What Scientists are Doing

Research, Research, Research

Thousands of scientists, around the globe are developing climate-smart agricultural practices that help farmers continue to produce the food we all need. With a growing human population and a changing climate, there is a rapidly growing need for new and better ways to keep our menu stocked. Science is needed more than ever before. Universities, the US Department of Agriculture, and many other national and international organizations and programs are striving to address the intensifying challenges facing our food system. The private sector’s scientific research is also very important in keeping our food supply secure.

More Resilient Crops

To withstand the increasing risks from droughts, heat waves, and other climate change stressors, scientists are developing more resilient crops. Since the beginning of agriculture, humans have been selecting the plants that are more productive. Today, this usually involves the purposeful transfer of pollen from a male parent to a female parent – for example, crossing a drought-tolerant variety with a high-yielding one to achieve a new type with both characteristics. Most of us have eaten traditionally cross-bred crops, which have been part of the menu for at least 100 years.

New technologies can expedite the process of developing improved crop-types by transferring into a plant one or more specific traits from the same species, a closely related one, or a totally different one. Such genetically engineered crops help manage insect and weed pests, and increase nutritional qualities, to name a few, and some have been in use for decades.  More precise methods are now available that can even edit a plants’ genetic makeup. It’s precise, like removing a single gene from the 32,000 in a corn plant or one key from a piano with 32,000 keys.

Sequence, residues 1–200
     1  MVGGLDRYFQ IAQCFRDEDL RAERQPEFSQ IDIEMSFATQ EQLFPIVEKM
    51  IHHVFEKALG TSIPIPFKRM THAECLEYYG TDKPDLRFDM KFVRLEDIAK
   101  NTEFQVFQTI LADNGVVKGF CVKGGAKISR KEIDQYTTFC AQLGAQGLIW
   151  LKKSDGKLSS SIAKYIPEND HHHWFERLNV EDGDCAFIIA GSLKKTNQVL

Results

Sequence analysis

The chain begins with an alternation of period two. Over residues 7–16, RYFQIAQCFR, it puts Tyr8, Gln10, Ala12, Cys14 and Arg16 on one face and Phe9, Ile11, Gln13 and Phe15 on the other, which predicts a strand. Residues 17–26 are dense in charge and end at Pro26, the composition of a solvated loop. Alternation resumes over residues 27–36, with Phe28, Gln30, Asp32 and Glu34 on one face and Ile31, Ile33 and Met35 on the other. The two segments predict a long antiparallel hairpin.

In their 2016 assessment, the National Academies of Sciences, Engineering, and Medicine concluded the use of genetically engineered crops generally had environmental and economic benefits. They also concluded that foods using genetically engineered crops pose no more health risks than those using conventionally bred crops.

Keeping Soils Healthy

Soil is not just dirt, but rather a living ecosystem, with millions, if not billions, of bacteria, fungi, and many other creatures in just a handful. Scientists are investigating how plants used to cover the soil in winter, the application of composts and manures, and irrigation practices affect the soil biology, chemistry, and crop production as well as aid in the sequestration of carbon. Soil health is defined as “the continued capacity of the soil to function as a vital living ecosystem that sustains plants, animals, and humans.” Soil is the skin of the earth and scientists focus on helping to keep it healthy.

Sustaining Water Supplies

Irrigation of agricultural crops is one of the major consumers of water supplies in the US. Consequently, scientists focus on research to reduce its use, such as ensuring that the crop is carefully monitored, and water applied at the optimal time. Scientists have demonstrated that drones and satellite remote sensing can be used to assess the water needs of crops. They have also developed sophisticated technologies that measure sap flow in the trunks of fruit trees and changes in the diameter of stems, both of which can automatically initiate irrigation if needed.  Delivery of water to crops has also been advanced through the development of systems that apply a precise amount and exactly where needed.

Helping Farmers Make Decisions

Scientists have made major advances in computer technologies to monitor ongoing environmental conditions and predict what lies ahead for agriculture as the climate changes. For example, they monitor the daily status of drought across the country and have predicted where major crops will be grown in the future in the US. The latter is extremely helpful in knowing when to switch to more heat-tolerant crops in northern latitudes. Finally, scientists have developed “decision tools” that warn farmers when a surprise spring frost may occur and take action to protect fruit crops or help determine when a crop will reach maturity and is ready for harvest.